Feds: California’s Orange County misused jail snitches

Oct 13, 2022, 11:59 AM | Updated: 6:33 pm
FILE - Scott Dekraai is lead to his seat beside his attorney Scott Sanders, right, in Orange County...

FILE - Scott Dekraai is lead to his seat beside his attorney Scott Sanders, right, in Orange County Superior Court in Santa Ana, Calif., on Friday, Aug. 18, 2017. Dekraai, a Southern California mass killer, will be spared the death penalty amid a long-running scandal over local authorities' use of jailhouse informants. The U.S. Justice Department said Thursday that the sheriff's department and prosecutors in Orange County, California, ran an extensive jailhouse informant program for years that violated the rights of criminal defendants. (Mark Rightmire/The Orange County Register via AP, File)

(Mark Rightmire/The Orange County Register via AP, File)

SANTA ANA, Calif. (AP) — The U.S. Justice Department said Thursday that the Sheriff’s Department and prosecutors in Orange County, California, ran an extensive jailhouse informant program for years that violated the rights of criminal defendants.

The federal agency, which began investigating the allegations in 2016, issued a lengthy report detailing Orange County authorities’ use of the informants from 2007 to 2016 and their failure to release information, as required by law, about incriminating statements gathered by the informants to lawyers for the accused.

The report said the district attorney’s office had failed to conduct a full probe of the scandal that rocked the county of 3 million people and said it should “establish an independent body to conduct a more comprehensive review of past prosecutions involving custodial informants.”

Orange County, which saw a number of criminal cases upended once the allegations came to light, stopped using the informants in 2016, the report said.

“The failure to protect these basic constitutional guarantees not only deprives individual defendants of their rights, it undermines the public’s confidence in the fundamental fairness of criminal justice systems across the county,” Assistant Attorney General Kristen Clarke said in a statement.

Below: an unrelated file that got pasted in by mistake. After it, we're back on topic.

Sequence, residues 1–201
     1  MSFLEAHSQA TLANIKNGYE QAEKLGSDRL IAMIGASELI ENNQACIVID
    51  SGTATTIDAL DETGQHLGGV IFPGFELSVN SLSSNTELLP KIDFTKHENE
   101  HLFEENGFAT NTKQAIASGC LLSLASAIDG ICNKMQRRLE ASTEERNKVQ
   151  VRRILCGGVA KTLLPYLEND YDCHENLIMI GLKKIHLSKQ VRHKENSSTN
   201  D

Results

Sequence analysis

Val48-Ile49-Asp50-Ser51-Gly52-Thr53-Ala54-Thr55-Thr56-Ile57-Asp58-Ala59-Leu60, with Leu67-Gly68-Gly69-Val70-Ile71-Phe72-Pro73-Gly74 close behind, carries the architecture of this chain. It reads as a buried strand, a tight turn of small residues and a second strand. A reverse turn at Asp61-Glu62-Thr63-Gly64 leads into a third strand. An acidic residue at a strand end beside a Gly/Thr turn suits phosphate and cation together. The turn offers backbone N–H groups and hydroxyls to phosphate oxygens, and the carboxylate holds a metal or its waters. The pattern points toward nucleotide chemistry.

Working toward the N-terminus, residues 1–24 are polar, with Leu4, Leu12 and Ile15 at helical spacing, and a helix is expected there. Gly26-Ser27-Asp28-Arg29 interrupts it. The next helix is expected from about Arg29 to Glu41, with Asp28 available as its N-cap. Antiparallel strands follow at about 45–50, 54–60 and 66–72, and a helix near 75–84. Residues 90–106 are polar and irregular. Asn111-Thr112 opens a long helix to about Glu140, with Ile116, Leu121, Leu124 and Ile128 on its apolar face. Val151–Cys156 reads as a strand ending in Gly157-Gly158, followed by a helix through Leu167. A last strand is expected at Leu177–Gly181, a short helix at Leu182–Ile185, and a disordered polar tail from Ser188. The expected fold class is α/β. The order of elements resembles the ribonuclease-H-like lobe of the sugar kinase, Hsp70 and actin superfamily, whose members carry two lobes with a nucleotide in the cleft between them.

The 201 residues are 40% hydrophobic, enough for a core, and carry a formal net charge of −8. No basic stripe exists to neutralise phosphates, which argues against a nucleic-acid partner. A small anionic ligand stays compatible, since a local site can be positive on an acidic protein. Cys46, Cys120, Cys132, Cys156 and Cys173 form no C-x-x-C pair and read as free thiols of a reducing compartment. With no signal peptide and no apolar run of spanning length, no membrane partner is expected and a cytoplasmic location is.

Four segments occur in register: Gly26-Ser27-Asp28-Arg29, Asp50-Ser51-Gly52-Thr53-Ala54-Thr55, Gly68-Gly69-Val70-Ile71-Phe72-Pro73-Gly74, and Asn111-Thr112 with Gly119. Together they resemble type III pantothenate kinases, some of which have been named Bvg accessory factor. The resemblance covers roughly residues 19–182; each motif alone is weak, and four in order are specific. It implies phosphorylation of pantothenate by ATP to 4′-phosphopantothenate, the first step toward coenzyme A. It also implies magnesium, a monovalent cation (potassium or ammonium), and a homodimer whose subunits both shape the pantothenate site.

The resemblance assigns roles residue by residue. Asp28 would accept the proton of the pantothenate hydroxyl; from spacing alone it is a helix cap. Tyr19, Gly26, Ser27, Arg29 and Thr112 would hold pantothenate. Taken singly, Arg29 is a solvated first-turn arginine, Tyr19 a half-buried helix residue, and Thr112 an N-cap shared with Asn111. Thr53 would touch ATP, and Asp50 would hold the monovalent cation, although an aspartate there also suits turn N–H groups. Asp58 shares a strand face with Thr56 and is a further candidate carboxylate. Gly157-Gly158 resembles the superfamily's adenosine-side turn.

The report comes years after the allegations of prosecutorial conduct arose in the case of a man who killed eight people in a 2011 shooting in a hair salon.

Scott Dekraai pleaded guilty to the murders but was spared the death penalty over authorities’ use of an informant to cull information from him while he was represented by a lawyer — which was unearthed when his attorney flagged that the informant had also been involved in another high-profile case.

In a separate instance, a gang member charged with a 2004 killing took a plea deal and a shorter prison sentence after an earlier conviction was set aside over concerns that prosecutors had failed to share critical evidence.

Orange County District Attorney Todd Spitzer said he has cooperated with the federal investigation since taking office four years ago and that he led his own probe that found veteran prosecutors were negligent in the Dekraai case. He said much of the informant activity was hidden from prosecutors, preventing the proper disclosure of information.

“This report confirms exactly what we already knew,” Spitzer said in a statement. “I have made it unequivocally clear that I refuse to accept the ‘win-at-all costs’ mentality” of the prior administration.

In a statement, the Sheriff’s Department said it has worked for the past six years “to identify errors and protect the constitutional rights of all persons housed in the Orange County Jails.”

“This includes significant procedural and operational improvements, unprecedented transparency, and multi-layered systems of checks and balances,” the statement said.

Sheriff Don Barnes said he was confident that the Justice Department “will find our current practices have addressed many of their recommendations.”

Assistant Public Defender Scott Sanders, who represented Dekraai, said the federal report shows that county agencies are still not doing enough to protect the rights of the accused.

Authorities can use jailhouse informants but can’t have them deliberately elicit information from defendants once they are represented by lawyers. In addition, prosecutors are required to turn over evidence to defense attorneys that could be seen as favorable to their clients.

Copyright © The Associated Press. All rights reserved. This material may not be published, broadcast, rewritten or redistributed.


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Feds: California’s Orange County misused jail snitches